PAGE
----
The Kernel Input/Output Tables
The HP-UX kernel allows no direct access to physical devices. All I/O must be requested through the proper channel: the system call interface. A key component of this model is the kernel's extensive set of drivers, device maps, and the overall system's general input/output (GIO) system.
A large portion of the kernel memory space is occupied by these various components. The modern HP-UX kernel provides for the dynamic mapping of some of these should it be required.
The I/O Tree
A key table is appropriately named the I/O tree. This tree structure is actually a collection of linked objects used to identify and map system hardware devices to specific software drivers. The tree's roots stretch back to the system initialization, occurring even before the HP-UX kernel is loaded into memory. A subsection of this structure is the more elemental kernel I/O tree and is created in memory visible to the processor-dependent code (sometimes called the boot-rom) to be used in the event of a system crash.
The individual nodes of the I/O tree contain basic information about the hardware address: its type, which software has claimed it (driver association), and which context it belongs to. Additional properties, such as a kernel-assigned instance number and pointers to its parent, sibling, and children, are also present.
The I/O tree follows an object model; nodes lower down in the tree structure inherit attributes from their parents and pass them on to their children. We explore this fully in Chapter 10, "I/O and Device Management."
In addition to the I/O tree, the I/O subsystem is responsible for the detection and response to interruptions. You may notice that we use the word interruption, not interrupts: HP-UX describes all categories of events affecting normal processor execution as being system interruptions. They are broken into four categories: faults, traps, interrupts, and checks.
To further complicate the topic, there are internal (CPU hardware, clocks, timers, etc.) and external (I/O devices, interface cards, physical device) interrupts, not to mention process signal handling!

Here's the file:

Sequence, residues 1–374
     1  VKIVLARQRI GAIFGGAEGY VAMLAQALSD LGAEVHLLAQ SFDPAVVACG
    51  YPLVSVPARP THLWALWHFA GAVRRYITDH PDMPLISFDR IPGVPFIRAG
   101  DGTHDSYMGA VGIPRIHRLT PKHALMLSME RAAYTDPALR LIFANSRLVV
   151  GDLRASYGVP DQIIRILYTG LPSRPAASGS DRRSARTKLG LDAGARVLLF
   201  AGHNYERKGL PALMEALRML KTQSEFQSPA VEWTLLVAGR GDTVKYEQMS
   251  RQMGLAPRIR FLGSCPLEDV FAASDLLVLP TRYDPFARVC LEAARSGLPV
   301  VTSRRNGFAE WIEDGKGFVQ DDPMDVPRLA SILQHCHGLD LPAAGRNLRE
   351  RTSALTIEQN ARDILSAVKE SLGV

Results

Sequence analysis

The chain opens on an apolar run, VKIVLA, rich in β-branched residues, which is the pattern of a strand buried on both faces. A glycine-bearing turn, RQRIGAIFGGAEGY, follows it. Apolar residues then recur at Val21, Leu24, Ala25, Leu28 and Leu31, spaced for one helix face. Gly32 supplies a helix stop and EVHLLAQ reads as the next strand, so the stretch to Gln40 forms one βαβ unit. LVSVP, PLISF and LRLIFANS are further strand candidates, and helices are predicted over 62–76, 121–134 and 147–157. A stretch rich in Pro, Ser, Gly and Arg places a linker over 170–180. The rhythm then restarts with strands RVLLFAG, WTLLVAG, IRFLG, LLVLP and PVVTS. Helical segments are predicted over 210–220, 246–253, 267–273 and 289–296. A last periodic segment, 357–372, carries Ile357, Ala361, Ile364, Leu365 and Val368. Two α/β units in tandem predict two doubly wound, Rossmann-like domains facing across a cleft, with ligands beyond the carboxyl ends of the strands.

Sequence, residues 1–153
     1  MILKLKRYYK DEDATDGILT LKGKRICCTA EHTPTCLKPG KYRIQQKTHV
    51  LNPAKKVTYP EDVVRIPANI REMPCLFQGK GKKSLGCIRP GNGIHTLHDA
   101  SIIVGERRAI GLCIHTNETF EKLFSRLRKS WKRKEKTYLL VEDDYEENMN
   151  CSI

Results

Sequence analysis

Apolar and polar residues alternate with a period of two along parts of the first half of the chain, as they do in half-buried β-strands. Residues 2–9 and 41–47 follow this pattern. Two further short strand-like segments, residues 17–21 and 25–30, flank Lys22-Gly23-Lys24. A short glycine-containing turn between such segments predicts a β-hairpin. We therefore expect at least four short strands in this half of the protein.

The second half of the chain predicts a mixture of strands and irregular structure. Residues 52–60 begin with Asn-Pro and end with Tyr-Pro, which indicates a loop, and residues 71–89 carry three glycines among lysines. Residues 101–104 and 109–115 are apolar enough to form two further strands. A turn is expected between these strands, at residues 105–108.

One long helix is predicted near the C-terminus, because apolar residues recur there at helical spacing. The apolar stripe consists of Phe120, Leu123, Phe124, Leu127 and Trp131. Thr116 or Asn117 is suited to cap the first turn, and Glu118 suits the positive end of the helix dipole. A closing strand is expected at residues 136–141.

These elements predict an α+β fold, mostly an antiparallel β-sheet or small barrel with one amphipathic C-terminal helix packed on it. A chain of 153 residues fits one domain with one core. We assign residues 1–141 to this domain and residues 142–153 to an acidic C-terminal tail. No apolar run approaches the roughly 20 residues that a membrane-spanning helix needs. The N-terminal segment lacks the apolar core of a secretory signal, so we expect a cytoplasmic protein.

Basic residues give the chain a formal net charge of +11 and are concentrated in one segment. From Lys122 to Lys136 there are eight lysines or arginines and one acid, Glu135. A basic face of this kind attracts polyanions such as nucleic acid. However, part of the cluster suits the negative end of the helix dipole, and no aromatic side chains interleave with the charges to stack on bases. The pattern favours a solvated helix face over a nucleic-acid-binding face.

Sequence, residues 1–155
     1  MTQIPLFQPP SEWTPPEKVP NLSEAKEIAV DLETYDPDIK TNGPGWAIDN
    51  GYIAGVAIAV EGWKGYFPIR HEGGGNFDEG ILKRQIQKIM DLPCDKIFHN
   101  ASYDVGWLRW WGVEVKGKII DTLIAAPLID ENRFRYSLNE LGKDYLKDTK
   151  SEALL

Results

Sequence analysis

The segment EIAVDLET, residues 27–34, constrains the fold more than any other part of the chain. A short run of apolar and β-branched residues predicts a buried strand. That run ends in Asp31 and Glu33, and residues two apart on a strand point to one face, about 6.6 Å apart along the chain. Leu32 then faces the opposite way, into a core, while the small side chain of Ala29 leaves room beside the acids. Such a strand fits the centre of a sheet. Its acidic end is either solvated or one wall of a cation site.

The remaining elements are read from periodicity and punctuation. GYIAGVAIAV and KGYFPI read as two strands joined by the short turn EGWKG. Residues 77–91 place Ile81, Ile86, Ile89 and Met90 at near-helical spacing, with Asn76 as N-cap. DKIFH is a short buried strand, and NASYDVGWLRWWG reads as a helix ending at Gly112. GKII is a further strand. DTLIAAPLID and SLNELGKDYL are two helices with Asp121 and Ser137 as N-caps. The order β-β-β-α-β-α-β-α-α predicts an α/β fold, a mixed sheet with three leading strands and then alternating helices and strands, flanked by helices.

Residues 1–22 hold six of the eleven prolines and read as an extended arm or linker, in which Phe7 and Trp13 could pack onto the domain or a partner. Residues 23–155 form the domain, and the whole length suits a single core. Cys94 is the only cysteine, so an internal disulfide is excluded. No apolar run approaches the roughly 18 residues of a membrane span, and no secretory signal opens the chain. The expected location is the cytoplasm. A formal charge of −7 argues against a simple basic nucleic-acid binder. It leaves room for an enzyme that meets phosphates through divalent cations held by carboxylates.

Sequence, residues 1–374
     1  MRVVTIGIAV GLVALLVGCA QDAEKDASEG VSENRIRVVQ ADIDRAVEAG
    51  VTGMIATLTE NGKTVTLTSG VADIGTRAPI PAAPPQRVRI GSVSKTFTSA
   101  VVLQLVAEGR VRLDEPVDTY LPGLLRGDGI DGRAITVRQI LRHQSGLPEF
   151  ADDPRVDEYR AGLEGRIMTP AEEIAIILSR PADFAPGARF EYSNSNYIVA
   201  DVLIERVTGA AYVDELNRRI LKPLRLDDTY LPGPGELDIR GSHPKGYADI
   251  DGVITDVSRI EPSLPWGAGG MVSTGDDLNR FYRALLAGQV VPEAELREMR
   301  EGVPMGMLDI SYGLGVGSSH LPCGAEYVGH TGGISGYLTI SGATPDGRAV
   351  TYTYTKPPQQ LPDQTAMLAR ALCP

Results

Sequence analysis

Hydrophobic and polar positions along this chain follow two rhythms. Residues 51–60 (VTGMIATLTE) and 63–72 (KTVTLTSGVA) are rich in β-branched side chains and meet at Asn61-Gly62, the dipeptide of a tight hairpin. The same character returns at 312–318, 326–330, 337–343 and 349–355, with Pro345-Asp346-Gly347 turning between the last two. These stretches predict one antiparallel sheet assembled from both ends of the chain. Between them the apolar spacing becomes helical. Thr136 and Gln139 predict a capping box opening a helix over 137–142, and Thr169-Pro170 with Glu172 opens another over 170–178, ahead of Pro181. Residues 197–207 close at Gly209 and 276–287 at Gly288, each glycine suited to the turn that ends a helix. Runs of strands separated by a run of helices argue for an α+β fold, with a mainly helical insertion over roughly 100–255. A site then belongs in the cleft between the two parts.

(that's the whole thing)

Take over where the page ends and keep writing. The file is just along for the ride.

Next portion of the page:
As shown in Figure 3-14, internal interruptions are registered by a CPU and cause a vectored branch to memory-resident handling routines contained in an array called the interrupt vector table (IVT). Each entry in this table consists of a 32-byte block of code in which the initial portion of the interruption handler must be loaded. Also note that control register CR14 contains the interrupt vector address (IVA), the starting address of the IVT. As each physical processor maintains its own register set, it would be possible to have interruption handlers specific to each processor. This is not generally the case, but it is an interesting option.
Figure 3-14. Kernel I/O Tables
An interesting interruption (registered as internal interrupt #4) is called the external interrupt and evokes routines vectored through an array named the external interrupt receipt register switch table, or simply the eirr_switch[x]. In most cases, this vectored switch table points toward the interrupt handling routine entry points associated with the kernel's various hardware drivers. Two additional control registers assist in registering and enabling the various external interrupts: CR23 (the eirr) and CR15 (the external interrupt enabling mask, or eiem).